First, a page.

This Week in New York Insider's Guide to Arts & Culture in New York City Since 2001



(photo by twi-ny/mdr)

Jaume Plensa, Behind the Walls, 2019 (photo by twi-ny/mdr)

30 Rockefeller Plaza
Between West 48th & 51st St. and Fifth & Sixth Aves.
Daily through June 28, free
online slideshow

The Frieze New York art fair takes place May 2-5 at Randall’s Island Park, where tickets run up to $85.50 with ferry service and a magazine subscription. But you can get a free taste at Rockefeller Center, where Frieze New York and Tishman Speyer have partnered for Frieze Sculpture, an exhibition of public works by fourteen artists, with pieces lining Rockefeller Plaza outside and a few hidden away in lobbies. The participating artists are Nick Cave, Aaron Curry, Jose Dávila, Walter De Maria, Rochelle Goldberg, Goshka Macuga, Ibrahim Mahama, Joan Miró, Paulo Nazareth, Jaume Plensa, Pedro Reyes, Kiki Smith, Sarah Sze, and Hank Willis Thomas. The display is curated by Brett Littman of the Isamu Noguchi Foundation and Garden Museum, whose choices were inspired by Noguchi’s 1940 News on the facade of the Associated Press building as well as the 1934 Diego Rivera mural that the Rockefellers destroyed because it included an image of Lenin.

(photo by twi-ny/mdr)

Nick Cave, Untitled, 2018 (photo by twi-ny/mdr)

One of the themes linking many of the works is that of protest, of speaking out to fight the status quo and to initiate change. Paulo Nazareth’s DRY CUT [from Blacks in the Pool — Tommie] depicts a larger-than-life cutout of Tommie Smith raising his gloved right hand while accepting his Olympic medal in 1968. An untitled piece by Nick Cave features an arm with a fist at the end emerging from an old gramophone speaker. Jaume Plensa’s monumental Behind the Walls is a huge white head with disembodied hands covering the eyes, as if refusing to see what is happening. Joan Miró’s Porte II consists of two slanted doors with a long chain dangling in between, as if a threat of punishment.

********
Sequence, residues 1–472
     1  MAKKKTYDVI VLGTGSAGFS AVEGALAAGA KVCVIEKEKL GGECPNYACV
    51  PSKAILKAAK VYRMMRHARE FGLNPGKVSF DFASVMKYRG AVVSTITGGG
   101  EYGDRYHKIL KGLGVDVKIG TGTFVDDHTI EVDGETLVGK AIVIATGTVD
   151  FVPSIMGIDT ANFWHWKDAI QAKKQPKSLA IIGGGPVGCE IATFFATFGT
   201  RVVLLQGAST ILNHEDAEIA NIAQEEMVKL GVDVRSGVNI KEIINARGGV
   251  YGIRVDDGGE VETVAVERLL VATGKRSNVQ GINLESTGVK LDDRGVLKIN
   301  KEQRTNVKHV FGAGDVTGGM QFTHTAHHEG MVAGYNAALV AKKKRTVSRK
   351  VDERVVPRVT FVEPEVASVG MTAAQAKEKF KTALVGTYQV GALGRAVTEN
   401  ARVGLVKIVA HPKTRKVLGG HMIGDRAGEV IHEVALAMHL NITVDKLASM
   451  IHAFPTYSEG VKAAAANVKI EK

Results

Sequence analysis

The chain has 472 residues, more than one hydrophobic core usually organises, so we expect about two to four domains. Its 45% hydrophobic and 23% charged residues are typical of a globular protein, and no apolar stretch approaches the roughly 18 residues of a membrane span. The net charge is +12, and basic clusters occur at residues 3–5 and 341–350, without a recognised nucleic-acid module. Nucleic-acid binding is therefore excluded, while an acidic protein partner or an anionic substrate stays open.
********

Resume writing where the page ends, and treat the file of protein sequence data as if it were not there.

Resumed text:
(photo by twi-ny/mdr)

Goshka Macuga, International Institute of Intellectual Co-operation, Configuration 25, First Man: Yuri Gagarin, 2016 (photo by twi-ny/mdr)

Rochelle Goldberg’s Cannibal Junkie and Kiki Smith’s Rest Upon are reminders of humanity’s connection to nature — and what might occur if we’re not more careful. Ibrahim Mahama has removed the nearly two hundred flags of UN countries that surround the skating rink and replaced them with fifty ratty flags made of jute in Ghana, evoking global poverty. Hank Willis Thomas’s Harriet and Annie (Capri) and Josephine and Kazumi (Real Red) offer passersby a public platform to share their thoughts. And Goshka Macuga’s Institute of Institutional Co-operation, seen below Dean Cromwell’s 1946 mural The Story of Transportation, shows just what we are capable of.

(photo by twi-ny/mdr)

Paulo Nazareth, DRY CUT [from Blacks in the Pool — Tommie], (photo by twi-ny/mdr)

There will be several family programs, on alternate Sundays at 10:30 am, held in conjunction with the sculpture display. On May 12, Noguchi educators will lead a “3D: Build Up!” tour of the sculptures for four-year-olds (advance registration required). On May 26, “Your Neighborhood: Public Art” offers a guided tour for five- and six-year-olds, followed by a model-making workshop (advance registration required). On June 9, “Figures: Strike a Pose” consists of a tour and a workshop for children ages seven to eleven with advance RSVP. And on June 23, the drop-in “Get the Scoop: Stories and Art” offers children two to eleven the opportunity to explore the exhibit and make art in response to what they experience.

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